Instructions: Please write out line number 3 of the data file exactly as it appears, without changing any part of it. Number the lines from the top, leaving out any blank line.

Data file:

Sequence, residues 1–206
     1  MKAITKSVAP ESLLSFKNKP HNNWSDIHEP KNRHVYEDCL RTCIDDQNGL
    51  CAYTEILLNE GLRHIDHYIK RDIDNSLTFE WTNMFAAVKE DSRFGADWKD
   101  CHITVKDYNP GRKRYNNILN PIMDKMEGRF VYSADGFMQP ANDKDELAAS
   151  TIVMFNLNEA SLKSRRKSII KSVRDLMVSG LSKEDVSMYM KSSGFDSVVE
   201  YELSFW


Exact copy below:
    51  CAYTEILLNE GLRHIDHYIK RDIDNSLTFE WTNMFAAVKE DSRFGADWKD